J.J. Abrams’ “Super 8″ really is like a child’s Super 8 film, with all the good and bad that that comparison suggests. It’s ambitious and unfocused, imaginative and contrived. It’s flawed, but it’s also really close to being a truly wonderful film. There were parts that I absolutely adored. And there were parts I borderline hated.
The film itself is almost as bifurcated as my reaction. Maybe that’s part of the problem. It begins, with incredible promise, as the story of a group of young teenagers let loose on their small Ohio town for summer vacation in 1979. They’re making a Super 8 movie about a cop investigating a series of zombie murders: Charles (Riley Griffiths) is the director. Martin (Gabriel Basso) is the lead actor. Cary (Ryan Lee) is the pyromaniac and pyrotechnics expert. And Joe (Joel Courtney), whose father Jack (Kyle Chandler) is a deputy sheriff in town, does the sound, makeup, and models. Joe’s mother died a few months earlier in a mill accident, leaving Jack an emotional wreck and leaving Joe with his friends, their movie, and not much else.
Charles, perhaps voicing the fears of Abrams himself, worries his movie might be too heavy on special effects and too light on characters you really care about, so he writes a part for the cop’s wife and casts Alice (Elle Fanning). Alice is pretty and a natural, untrained actor. Her entrance into this group previously populated only by boys shakes things up in the best way possible. The scenes between the kids as they work on their movie in cluttered bedrooms and noisy diners are full of charm and authenticity. This is one half of the film.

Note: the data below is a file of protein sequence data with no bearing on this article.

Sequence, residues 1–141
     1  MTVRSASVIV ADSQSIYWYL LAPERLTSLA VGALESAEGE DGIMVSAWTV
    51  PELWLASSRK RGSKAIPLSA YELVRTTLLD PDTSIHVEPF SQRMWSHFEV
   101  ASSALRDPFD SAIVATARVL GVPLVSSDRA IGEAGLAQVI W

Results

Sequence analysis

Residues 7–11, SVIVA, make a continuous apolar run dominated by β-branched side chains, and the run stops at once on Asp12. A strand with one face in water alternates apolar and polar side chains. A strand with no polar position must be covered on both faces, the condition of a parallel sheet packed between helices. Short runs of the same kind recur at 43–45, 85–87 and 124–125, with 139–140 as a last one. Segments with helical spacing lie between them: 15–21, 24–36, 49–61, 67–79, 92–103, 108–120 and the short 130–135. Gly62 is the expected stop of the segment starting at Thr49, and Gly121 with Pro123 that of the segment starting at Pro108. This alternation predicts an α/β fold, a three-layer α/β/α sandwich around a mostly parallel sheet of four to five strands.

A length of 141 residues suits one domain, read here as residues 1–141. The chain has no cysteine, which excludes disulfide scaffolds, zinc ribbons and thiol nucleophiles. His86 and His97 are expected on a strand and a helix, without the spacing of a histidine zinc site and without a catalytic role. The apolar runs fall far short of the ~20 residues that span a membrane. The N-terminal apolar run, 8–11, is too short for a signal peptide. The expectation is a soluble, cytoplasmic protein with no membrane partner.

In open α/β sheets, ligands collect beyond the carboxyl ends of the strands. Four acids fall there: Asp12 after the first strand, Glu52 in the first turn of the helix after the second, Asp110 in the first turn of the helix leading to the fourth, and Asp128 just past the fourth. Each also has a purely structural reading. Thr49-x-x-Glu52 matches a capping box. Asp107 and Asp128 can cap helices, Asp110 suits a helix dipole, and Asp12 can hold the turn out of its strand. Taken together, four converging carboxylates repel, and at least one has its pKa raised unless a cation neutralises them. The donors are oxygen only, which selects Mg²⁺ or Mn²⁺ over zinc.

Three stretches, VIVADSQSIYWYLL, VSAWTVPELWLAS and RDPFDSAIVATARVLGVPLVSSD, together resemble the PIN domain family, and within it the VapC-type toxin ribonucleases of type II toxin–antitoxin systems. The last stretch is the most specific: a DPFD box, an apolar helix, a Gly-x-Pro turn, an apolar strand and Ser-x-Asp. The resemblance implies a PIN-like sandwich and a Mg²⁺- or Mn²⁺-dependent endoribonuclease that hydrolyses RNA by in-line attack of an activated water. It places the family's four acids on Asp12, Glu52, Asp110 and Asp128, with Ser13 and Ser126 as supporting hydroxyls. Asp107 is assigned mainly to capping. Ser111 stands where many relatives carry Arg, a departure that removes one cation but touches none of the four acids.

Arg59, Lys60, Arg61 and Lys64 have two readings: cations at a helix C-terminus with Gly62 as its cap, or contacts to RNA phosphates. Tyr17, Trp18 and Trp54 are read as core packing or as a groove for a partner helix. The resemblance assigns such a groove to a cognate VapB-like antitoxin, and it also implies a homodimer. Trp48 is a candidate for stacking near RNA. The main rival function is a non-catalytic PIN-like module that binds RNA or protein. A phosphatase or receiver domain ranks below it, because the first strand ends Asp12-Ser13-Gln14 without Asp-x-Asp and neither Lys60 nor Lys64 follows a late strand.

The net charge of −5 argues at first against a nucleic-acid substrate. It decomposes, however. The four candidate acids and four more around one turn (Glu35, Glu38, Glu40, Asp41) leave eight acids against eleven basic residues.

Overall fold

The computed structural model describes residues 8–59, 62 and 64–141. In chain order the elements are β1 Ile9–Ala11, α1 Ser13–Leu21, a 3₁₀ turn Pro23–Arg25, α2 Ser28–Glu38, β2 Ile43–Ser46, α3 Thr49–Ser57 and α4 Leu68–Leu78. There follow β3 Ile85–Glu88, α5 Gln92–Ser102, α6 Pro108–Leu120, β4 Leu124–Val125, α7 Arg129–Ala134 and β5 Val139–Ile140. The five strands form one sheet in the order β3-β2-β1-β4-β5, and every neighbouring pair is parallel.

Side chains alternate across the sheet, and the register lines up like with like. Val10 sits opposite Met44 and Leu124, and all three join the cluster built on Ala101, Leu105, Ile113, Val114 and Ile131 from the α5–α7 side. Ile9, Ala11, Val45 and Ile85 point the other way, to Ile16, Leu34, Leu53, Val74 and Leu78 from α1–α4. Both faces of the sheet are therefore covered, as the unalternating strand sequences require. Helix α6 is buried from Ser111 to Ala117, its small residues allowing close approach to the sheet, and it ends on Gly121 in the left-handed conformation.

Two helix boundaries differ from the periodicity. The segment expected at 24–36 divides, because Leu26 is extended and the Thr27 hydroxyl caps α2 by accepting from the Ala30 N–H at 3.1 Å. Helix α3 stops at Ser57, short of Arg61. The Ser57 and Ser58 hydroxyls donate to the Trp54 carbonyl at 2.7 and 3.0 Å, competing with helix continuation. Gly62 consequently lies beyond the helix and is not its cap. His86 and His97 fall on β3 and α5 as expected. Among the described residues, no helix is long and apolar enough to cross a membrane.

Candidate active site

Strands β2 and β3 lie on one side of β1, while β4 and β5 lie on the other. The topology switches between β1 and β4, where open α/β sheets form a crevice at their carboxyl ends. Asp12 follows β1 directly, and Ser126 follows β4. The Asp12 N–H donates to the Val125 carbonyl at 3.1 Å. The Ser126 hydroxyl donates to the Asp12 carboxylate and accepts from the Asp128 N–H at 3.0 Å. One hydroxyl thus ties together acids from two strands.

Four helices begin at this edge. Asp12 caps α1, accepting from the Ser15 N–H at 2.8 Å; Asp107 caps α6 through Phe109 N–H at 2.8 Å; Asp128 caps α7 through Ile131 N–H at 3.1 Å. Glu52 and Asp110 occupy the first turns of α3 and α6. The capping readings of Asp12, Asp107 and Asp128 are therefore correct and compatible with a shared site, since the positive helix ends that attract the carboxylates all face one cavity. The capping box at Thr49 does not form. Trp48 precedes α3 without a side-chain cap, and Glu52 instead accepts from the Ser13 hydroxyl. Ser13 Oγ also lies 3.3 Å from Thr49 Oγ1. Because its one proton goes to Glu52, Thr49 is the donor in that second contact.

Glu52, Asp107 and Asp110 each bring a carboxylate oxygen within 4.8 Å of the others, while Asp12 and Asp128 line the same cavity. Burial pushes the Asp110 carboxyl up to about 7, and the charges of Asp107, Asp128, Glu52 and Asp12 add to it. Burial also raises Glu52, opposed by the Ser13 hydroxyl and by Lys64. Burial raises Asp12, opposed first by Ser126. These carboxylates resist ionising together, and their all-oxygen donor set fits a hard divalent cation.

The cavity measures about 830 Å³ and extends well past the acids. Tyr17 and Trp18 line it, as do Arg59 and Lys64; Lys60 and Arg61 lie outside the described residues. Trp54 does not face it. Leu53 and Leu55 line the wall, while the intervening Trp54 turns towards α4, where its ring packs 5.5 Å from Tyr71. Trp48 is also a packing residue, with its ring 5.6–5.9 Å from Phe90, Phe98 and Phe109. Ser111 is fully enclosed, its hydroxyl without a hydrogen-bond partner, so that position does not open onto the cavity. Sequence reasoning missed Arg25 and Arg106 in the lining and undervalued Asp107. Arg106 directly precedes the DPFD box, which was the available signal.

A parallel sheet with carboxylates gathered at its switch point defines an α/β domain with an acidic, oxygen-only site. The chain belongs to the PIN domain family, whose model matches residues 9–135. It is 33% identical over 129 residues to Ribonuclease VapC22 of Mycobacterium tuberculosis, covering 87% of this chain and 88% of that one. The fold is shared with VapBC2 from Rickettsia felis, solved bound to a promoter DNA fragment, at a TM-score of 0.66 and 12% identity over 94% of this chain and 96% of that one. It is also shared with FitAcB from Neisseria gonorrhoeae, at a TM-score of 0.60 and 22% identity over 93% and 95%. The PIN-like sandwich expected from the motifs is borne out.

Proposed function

The other half begins when the group is out filming at the train station one night as a train comes hurtling down the tracks. “Production values!” Charles yells, and they all scramble into position. As they’re shooting, a truck drives into the path of the train and derails it in a massive special effects sequence. Suddenly the pressures and complications of adulthood — or maybe just the demands of large-scale mainstream filmmaking — have invaded the kids’ previously humdrum lives. Now they can’t just focus on their little film; they’ve got to also contend with a massive government conspiracy and an escaped passenger from the train whose size and strength suggests he’s not from Ohio. The metaphor’s right there for anyone who wants to see it: the director trying to make a movie about life as it’s lived who has to throw in some aliens too just to make it commercial.